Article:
I feel I know quite effective ways to break a harp, especially D harps now, and occasional A harps. Of course these are the keys I play most
Once I played in a band where most songs required a C harp. Guess what used to break? I tried a Lee Oskar with that group. It didn’t break but did go a bit flat. Same with a Manji, I put it aside because I didn’t really like it anyway.
Last harp I broke practicing mellow down easy. Lots of 4 draw action and trying too hard with vibrato
Now I’m worrying about practicing 3rd on my good G harp lest I stress the 6 draw. So I’m also practicing playing with low breath which has to be a good thing.
Ive also dug out the g harp which mark prados built me. Ive had that one 6 years and it spent a while in the frontline too. Oh 6 years since mark rebuilt it with a new comb. It had a swelled comb, I guess I’ve owned it at least 8 years, but maybe 10. Gosh. I hadn’t realised what a survivor that one is. My marine band deluxe is 11 years old and has had a new comb in 2013 and 2 new reeds, 5 draw and 9 draw.
I think I saw this on YOUTUBE, John Popper was talking about how he always kept several spare harps on hand, didn't like doing repairs so just bought new harps and would throw the old ones to his audience, how he said it, it seemed to me like this was every show.
I'd like to hear from some people who make a living playing one gig to the next, I'd bet they don't replace their harps every few months.
If you figure $60.00 US for a pro grade harp, and were to replace the 7 most common keys, 5 times a year, that's $2100'00 a year.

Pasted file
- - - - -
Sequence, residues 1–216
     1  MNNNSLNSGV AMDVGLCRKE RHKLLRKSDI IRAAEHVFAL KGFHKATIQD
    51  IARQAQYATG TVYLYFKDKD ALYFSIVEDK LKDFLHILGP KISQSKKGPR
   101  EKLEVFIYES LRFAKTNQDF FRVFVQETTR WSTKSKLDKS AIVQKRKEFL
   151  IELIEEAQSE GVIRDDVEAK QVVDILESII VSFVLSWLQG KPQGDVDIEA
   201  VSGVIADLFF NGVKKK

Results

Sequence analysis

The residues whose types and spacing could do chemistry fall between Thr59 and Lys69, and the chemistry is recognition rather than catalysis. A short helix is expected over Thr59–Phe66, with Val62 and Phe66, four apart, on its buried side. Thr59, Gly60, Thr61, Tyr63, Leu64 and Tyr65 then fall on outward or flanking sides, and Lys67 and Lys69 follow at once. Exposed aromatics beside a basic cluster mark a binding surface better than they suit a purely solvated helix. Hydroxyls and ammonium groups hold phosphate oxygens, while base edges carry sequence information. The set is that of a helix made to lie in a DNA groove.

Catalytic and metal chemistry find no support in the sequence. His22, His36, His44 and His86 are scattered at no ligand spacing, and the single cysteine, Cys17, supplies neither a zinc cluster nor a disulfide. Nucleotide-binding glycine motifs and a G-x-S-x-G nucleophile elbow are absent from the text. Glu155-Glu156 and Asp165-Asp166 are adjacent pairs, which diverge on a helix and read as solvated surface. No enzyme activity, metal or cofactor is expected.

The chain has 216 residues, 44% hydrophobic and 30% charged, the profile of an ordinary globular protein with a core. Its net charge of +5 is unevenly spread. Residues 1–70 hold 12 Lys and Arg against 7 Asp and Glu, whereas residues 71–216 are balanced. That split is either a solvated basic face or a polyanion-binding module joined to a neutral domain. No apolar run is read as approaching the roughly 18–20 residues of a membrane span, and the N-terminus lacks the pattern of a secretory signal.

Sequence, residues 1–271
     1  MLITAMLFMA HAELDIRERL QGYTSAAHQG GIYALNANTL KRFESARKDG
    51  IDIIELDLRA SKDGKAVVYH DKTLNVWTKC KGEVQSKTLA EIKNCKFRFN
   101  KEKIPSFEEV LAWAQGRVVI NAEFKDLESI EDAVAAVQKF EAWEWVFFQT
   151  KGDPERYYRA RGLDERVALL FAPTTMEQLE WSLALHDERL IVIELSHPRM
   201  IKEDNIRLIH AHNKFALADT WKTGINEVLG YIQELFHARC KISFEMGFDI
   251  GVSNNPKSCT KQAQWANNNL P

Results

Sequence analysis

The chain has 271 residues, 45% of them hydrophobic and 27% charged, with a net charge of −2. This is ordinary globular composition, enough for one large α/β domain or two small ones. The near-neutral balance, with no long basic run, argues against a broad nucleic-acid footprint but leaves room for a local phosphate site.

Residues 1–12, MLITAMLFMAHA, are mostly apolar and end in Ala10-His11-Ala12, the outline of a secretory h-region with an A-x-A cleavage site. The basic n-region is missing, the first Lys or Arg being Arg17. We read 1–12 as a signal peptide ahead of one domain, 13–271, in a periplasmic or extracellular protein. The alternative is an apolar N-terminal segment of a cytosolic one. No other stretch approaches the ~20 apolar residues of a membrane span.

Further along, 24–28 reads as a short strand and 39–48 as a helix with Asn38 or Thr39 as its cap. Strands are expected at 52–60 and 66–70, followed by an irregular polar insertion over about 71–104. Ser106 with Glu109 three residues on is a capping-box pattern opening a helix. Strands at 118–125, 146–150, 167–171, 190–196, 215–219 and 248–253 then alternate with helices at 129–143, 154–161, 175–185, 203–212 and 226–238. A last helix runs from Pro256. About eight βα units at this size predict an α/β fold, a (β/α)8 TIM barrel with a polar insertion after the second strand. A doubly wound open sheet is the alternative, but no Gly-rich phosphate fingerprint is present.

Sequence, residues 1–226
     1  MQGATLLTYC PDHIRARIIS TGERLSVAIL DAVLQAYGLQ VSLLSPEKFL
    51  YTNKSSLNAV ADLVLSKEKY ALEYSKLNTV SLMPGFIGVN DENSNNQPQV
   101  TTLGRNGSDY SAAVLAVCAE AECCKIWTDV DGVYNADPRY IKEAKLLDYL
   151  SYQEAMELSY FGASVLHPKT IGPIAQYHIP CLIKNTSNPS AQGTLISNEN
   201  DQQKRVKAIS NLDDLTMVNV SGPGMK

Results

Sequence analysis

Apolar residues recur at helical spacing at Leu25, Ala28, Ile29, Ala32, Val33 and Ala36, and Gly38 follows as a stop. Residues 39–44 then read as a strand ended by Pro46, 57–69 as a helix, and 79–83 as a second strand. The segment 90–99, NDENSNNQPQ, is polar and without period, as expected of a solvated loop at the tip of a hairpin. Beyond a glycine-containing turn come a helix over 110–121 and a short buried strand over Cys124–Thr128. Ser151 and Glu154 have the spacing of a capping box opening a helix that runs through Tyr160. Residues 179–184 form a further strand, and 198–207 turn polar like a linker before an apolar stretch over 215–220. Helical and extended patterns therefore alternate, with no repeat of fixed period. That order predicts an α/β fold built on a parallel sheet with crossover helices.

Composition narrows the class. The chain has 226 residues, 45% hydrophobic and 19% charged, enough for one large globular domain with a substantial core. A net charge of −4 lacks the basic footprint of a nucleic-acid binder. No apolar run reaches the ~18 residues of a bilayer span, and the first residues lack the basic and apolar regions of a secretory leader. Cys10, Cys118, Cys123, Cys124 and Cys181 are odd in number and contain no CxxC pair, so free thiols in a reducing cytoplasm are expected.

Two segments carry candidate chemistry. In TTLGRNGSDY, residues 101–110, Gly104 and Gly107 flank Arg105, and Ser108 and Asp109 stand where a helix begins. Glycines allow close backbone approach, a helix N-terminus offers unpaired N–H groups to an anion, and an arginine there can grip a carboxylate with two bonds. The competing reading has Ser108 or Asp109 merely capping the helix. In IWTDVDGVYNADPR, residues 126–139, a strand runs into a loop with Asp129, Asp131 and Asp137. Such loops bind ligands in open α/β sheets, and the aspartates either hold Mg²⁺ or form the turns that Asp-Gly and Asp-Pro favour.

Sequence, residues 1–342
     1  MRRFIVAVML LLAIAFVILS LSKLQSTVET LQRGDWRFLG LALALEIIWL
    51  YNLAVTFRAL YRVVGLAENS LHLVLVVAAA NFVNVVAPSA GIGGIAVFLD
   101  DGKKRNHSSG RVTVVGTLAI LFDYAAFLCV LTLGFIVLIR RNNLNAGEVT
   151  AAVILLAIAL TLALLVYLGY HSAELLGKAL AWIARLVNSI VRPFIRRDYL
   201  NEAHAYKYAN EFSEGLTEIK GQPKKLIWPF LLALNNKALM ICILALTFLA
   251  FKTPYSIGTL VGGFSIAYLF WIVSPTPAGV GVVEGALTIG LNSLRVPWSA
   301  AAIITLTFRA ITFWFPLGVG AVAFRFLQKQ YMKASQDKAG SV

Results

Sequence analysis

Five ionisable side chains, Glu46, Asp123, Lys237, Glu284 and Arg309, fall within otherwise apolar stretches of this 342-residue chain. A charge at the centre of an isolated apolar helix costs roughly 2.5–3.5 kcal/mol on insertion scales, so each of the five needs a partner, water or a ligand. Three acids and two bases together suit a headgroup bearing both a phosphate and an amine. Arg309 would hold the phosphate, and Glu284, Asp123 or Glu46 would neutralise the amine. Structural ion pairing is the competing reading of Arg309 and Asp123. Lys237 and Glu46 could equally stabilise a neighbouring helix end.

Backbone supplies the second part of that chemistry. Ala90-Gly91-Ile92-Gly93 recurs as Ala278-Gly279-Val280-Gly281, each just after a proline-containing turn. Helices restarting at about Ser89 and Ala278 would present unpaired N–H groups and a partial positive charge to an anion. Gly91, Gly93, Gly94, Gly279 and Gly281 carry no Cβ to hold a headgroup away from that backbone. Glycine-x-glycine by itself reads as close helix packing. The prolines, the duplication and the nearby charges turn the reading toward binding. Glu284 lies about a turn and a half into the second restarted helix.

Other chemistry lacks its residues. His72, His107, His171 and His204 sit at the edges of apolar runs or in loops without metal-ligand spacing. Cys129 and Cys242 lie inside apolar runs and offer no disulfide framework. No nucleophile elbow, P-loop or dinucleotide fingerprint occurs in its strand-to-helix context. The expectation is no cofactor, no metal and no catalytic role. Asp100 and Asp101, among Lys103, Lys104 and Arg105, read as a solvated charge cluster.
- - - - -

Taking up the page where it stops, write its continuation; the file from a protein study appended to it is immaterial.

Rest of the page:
JP could afford it I guess. Most people I work for are playing gigs and trying to keep the price down. 1 guy is a Seydel-endorsed player. I thought I wouldn’t hear from him again once he had that support from the factory but he sent me 17 repairs not long after. He is an interesting player, mainly breaks 9 and 10 slot reeds in Bb and A harps. His C and D harps go through the 4 and 5 slot reeds.
I may not get any more work from him, but I’ve thought that before. In the first year he sent me 19 reed plates to repair and 17 the next year, so I guess that’s some indication of the rate of breakage. He is the closest to a ‘pro’ player I’ve worked for. Most others are weekend warriors like me, although some are based in cities with more venues and playing a couple gigs a week at times. That’s my lady with high breakage rate. Others send me half a dozen a year. Often these are high-quality or custom harps that they can’t afford to replace. So the rule is, much like MTG observed. Some people are very good players and break harps. Some don’t. Watching FB, I’ve noticed there are more people repairing harps than I’d expected. Once I felt I was doing an unusual job, but now I think it’s a place that many come to, especially chromatic players.